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Transcript of interview with Wendy Kingston: Nine News Afternoon Edition: 31 October 2011: QANTAS

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Interview on Nine News Afternoon Edition - QANTAS

Tuesday 1 November 2011 Transcript

Senator the Hon Chris Evans [link:/evans]

Minister for Tertiary Education, Skills, Jobs and Workplace Relations • Leader of the Government in the Senate •

Nine News - Afternoon Edition Channel Nine, Sydney 5.03PM 31 October 2011

ISSUES: Qantas

WENDY KINGSTON: The Prime Minister has spent the day defending the way her government has handled this Qantas crisis. We’re joined now by the Minister for Workplace Relations, Senator Chris Evans. Senator, thank you for your time this afternoon.

CHRIS EVANS: My pleasure.

WENDY KINGSTON: Now, the Opposition says you could have stepped in before this dispute had even started. Why didn’t you?

CHRIS EVANS: Well the Act allows parties to negotiate and bargain and part of that process is that they’re allowed to take protected industrial action. But what we saw on the weekend is a massive scale-up of that action. When Qantas decided to lock out its employees and ground its airline, this took that dispute to a whole new level and, quite frankly, we saw terrible disruption to travellers and that’s when the Government decided

that we had to step in. And we got the orders from Fair Work Australia that ended the industrial action and that’s a good thing for the general public.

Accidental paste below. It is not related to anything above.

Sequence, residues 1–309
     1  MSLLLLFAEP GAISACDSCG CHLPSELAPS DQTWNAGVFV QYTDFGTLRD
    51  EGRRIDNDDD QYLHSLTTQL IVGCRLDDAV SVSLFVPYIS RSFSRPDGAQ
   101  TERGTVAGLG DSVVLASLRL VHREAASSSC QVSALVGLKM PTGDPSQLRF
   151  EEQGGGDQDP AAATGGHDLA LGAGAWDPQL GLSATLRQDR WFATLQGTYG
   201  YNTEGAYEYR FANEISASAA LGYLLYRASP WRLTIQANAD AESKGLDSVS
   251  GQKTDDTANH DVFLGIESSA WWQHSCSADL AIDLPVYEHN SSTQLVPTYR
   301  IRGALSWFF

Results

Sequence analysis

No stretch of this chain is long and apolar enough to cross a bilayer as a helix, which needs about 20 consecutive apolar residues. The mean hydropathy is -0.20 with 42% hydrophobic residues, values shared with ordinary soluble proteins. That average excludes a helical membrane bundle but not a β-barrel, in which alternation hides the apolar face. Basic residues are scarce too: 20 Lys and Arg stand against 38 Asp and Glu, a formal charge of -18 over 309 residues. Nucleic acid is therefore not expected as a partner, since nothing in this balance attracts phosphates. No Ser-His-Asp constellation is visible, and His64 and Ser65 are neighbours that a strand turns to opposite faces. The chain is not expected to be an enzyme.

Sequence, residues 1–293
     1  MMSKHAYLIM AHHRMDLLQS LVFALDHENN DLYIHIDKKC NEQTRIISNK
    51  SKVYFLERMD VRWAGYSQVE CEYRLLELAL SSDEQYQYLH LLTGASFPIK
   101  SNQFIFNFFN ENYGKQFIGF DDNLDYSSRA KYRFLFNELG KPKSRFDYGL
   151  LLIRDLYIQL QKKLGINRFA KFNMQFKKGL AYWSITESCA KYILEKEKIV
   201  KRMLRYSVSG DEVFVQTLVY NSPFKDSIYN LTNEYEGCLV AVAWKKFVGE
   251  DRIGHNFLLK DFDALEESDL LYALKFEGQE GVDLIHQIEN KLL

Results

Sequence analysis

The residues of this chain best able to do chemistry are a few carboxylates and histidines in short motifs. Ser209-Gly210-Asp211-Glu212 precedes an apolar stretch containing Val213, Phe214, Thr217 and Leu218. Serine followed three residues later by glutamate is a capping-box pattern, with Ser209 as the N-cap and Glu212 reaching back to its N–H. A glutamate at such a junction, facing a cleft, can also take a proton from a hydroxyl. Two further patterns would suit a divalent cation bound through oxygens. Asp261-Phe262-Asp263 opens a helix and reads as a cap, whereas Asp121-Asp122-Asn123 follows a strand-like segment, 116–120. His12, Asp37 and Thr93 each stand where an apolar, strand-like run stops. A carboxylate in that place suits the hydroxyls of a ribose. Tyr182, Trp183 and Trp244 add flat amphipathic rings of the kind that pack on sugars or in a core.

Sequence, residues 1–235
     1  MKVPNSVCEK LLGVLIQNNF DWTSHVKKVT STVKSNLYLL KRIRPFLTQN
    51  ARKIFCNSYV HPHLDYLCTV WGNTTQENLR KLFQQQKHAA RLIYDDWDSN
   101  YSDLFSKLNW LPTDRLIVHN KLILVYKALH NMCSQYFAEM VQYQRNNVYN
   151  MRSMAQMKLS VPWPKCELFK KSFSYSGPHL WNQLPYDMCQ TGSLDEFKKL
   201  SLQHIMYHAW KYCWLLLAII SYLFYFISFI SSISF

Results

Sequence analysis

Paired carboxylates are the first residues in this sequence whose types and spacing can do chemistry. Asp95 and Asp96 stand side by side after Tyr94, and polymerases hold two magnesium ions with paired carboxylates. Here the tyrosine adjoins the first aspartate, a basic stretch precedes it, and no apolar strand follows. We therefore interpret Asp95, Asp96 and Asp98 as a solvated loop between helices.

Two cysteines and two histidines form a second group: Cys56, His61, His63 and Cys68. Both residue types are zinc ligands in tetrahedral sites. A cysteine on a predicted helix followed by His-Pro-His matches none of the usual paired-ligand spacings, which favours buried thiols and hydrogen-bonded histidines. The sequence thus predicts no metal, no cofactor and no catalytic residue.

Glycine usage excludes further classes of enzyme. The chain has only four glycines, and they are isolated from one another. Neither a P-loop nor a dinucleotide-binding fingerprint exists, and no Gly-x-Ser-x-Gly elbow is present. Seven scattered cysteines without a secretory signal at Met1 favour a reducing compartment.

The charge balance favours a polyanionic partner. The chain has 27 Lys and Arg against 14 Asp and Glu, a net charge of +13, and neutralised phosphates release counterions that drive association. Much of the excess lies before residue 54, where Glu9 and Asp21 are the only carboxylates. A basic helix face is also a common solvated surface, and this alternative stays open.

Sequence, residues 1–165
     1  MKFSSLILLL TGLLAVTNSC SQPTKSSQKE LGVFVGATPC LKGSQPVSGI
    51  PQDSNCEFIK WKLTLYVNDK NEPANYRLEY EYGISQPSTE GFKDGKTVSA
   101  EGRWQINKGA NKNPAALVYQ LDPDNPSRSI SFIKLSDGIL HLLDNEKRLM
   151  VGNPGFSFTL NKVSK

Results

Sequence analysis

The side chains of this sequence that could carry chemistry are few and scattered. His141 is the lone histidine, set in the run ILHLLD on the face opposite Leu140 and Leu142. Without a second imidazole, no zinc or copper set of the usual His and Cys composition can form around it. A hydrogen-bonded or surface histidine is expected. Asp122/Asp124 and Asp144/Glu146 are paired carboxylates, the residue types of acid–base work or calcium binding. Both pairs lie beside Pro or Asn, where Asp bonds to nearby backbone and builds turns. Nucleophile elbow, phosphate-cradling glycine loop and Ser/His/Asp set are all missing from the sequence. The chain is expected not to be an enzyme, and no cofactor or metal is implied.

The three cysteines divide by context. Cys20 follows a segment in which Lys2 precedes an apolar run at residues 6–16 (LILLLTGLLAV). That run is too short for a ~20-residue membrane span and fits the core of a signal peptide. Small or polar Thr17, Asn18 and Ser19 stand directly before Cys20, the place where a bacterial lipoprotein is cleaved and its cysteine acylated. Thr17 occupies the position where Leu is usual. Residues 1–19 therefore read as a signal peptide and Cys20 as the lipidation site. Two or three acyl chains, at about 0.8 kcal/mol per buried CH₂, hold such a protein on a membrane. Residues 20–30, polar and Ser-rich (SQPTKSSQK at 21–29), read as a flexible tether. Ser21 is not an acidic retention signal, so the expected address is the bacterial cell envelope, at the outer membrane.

WENDY KINGSTON: So, who do you blame for this: Qantas or the unions?

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CHRIS EVANS: Well, look… It’s not really a question of blame. I’d like to see everyone act more maturely and get around the table and negotiate a settlement. But, Qantas’ decision on the weekend was extraordinary given that passengers didn’t get any notice and planes were grounded so quickly. It really did inconvenience thousands of people, leaving many distressed. But as I say, I think both sides of that argument just have to act maturely, get around a table and fix this.

WENDY KINGSTON: Just on that point of ‘given any notice’, Qantas CEO Alan Joyce, he’s been forced to retract a few claims now; among them that the Government should have ‘seen the action coming’. Does that make you angry?

CHRIS EVANS: Well, look, I was very shocked when he rang me to say they were about to take this action. He has always said previously that they had wanted to negotiate a settlement with the unions; that they had not asked us to intervene, they had not been seeking our help to intervene and so, for them to go from that to a lock-out within days without any change in the circumstances, was a huge, a huge escalation and I don’t think an appropriate decision. And so we’ve been disappointed and shocked by what occurred.

WENDY KINGSTON: Alright. Senator Chris Evans, thanks for joining us on the Afternoon, this afternoon- appreciate it.

CHRIS EVANS: My pleasure.

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